The U.S. 1st Infantry Division arrived in early October, joining elements of the XIX Corps and VII Corps, which had encircled Aachen. Although the 1st Infantry Division called for the surrender of the German garrison in the city, German commander Oberst Gerhard Wilck refused to capitulate until 21 October.[13]

The Allies also thought it was necessary to remove the threat posed by the Rur Dam. The stored water could be released by the Germans, swamping any forces operating downstream. In the view of the American commanders, Omar Bradley, Hodges, and J. Lawton Collins, the direct route to the dam was through the forest.[14]

Some military historians are no longer convinced by these arguments. Charles B. MacDonald—a U.S. Army historian and former company commander who served in the Hürtgen battle—has described it as "...a misconceived and basically fruitless battle that should have been avoided."[14]


Map showing the area of the battle
View to the west over the Kall Valley

The Hürtgen Forest occupies a rugged area between the Rur River and Aachen. In the autumn and early winter of 1944, the weather was cold, wet, and cloudy, and often prevented air support. Apart from the poor weather, the dense forest and rough terrain also prevented proper use of Allied air superiority, which had great difficulties in spotting any targets. The dense conifer forest is broken by few roads, tracks, and firebreaks; vehicular movement is restricted. Conditions on the ground became a muddy morass, further impeding vehicular traffic, especially heavy vehicles such as tanks.

The German defenders had prepared the area with improvised blockhouses, minefields, barbed wire, and booby-traps, hidden by the mud and snow. There were also numerous concrete bunkers in the area, mostly belonging to the deep defenses of the Siegfried Line, which were also centers of resistance. The dense forest allowed infiltration and flanking attacks, and it was sometimes difficult to establish a front line or to be confident that an area had been cleared of the enemy. The small numbers of routes and clearings in the forest had also allowed German machine gun, mortar, and artillery teams to pre-range their weapons and fire accurately.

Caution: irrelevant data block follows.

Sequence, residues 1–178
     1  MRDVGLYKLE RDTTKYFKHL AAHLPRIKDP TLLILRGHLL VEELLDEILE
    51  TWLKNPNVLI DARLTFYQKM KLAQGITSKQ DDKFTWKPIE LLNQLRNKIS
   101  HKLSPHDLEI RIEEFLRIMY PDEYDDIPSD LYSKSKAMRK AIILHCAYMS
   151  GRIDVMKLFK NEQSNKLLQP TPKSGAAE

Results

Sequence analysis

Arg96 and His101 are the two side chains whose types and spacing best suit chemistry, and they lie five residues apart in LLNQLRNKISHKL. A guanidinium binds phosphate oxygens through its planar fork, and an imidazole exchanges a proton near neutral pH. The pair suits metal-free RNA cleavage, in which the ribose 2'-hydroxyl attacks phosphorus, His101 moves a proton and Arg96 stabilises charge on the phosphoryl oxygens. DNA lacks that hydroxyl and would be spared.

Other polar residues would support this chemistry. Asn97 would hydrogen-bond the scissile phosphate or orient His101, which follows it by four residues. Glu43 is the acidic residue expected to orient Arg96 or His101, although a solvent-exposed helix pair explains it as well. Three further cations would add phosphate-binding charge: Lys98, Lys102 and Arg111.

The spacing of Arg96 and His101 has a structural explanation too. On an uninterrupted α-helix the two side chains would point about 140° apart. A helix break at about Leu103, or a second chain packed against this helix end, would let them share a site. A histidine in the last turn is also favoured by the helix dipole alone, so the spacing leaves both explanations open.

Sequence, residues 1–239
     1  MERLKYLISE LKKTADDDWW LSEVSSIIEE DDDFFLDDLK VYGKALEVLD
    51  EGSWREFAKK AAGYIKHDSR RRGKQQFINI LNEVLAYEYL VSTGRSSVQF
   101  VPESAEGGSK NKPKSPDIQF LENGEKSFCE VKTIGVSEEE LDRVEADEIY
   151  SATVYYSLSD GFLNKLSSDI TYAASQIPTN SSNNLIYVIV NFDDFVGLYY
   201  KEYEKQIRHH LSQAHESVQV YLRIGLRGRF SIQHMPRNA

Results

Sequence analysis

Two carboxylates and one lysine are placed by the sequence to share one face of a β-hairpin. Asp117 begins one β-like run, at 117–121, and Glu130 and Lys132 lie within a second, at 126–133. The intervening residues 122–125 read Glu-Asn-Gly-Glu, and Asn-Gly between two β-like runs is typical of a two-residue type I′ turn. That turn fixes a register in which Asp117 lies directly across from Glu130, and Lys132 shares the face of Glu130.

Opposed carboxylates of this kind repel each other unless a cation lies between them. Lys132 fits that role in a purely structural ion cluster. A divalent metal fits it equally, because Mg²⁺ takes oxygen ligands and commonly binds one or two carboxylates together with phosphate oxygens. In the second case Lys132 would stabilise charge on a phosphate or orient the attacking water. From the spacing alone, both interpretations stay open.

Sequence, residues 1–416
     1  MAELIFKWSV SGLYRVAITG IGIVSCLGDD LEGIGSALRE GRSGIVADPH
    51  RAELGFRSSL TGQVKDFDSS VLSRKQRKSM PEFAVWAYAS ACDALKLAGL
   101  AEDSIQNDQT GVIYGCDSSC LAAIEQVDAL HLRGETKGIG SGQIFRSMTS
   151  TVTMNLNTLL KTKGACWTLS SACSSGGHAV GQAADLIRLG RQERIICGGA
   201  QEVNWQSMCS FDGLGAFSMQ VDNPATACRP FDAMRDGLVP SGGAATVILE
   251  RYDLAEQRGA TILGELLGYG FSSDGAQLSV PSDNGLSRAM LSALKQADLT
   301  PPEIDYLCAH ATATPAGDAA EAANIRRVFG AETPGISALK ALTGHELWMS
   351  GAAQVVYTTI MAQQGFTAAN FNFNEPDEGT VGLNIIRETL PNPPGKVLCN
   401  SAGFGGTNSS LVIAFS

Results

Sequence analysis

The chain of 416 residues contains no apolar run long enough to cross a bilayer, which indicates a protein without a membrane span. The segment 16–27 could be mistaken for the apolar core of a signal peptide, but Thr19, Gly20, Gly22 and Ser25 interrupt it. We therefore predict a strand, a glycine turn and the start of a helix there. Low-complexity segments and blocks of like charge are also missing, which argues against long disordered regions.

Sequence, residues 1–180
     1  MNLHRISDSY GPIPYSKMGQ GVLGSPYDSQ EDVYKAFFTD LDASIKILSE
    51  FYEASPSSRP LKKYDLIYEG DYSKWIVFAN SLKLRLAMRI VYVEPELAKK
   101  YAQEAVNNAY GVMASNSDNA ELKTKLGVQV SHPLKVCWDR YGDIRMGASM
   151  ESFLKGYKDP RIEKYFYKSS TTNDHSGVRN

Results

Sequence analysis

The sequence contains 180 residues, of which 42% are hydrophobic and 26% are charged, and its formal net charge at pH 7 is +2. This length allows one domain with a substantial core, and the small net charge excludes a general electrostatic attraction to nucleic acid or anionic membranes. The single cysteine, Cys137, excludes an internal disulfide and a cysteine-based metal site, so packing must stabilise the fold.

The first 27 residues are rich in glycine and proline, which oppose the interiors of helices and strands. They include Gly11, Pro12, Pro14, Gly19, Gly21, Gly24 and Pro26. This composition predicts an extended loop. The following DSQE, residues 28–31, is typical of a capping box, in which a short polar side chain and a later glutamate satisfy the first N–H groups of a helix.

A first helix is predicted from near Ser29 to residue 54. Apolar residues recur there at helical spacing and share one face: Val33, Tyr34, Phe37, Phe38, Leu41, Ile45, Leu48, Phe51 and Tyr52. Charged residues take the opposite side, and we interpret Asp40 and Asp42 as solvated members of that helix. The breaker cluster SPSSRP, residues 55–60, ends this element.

The American advantage in numbers (as high as 5:1), armor, mobility, and air support was thus greatly reduced by weather and terrain. In the forest, relatively small numbers of determined and prepared defenders could be highly effective. To exacerbate matters, as the American divisions took casualties, inexperienced replacements had to be fed directly into combat.[10]

The densely forested terrain also limited the use of tanks and provided cover for German anti-tank teams equipped with Panzerfaust shaped-charge grenade launchers. The Allies made improvised rocket launchers, using rocket tubes from aircraft and spare Jeep trailers. Later in the battle, it proved necessary to blast tank routes through the forest. Transportation was similarly limited by the lack of routes: at critical times, it proved difficult to reinforce or supply front-line units or to evacuate the dead and wounded.

The Germans were hampered by much the same difficulties, worsened because their divisions had already taken heavy losses on the retreat through France and were hastily filled up with untrained boys and old men, often unfit for normal military service. Transportation was also a problem, because of the difficult roads and the lack of trucks and fuel; most supplies had to be manhandled to the front line. Nonetheless, despite increasing numbers of replacements lacking experience, German defenders had the advantage in that their commanders and many of their soldiers had been fighting for years and had learned the necessary tactics for fighting efficiently in winter and forested areas, whereas the Americans were often well-trained but inexperienced.

Opposing armies[edit]

The Hürtgen Forest lay within the area of the U.S. First Army under Hodges. Responsibility fluctuated between the V Corps and VII Corps.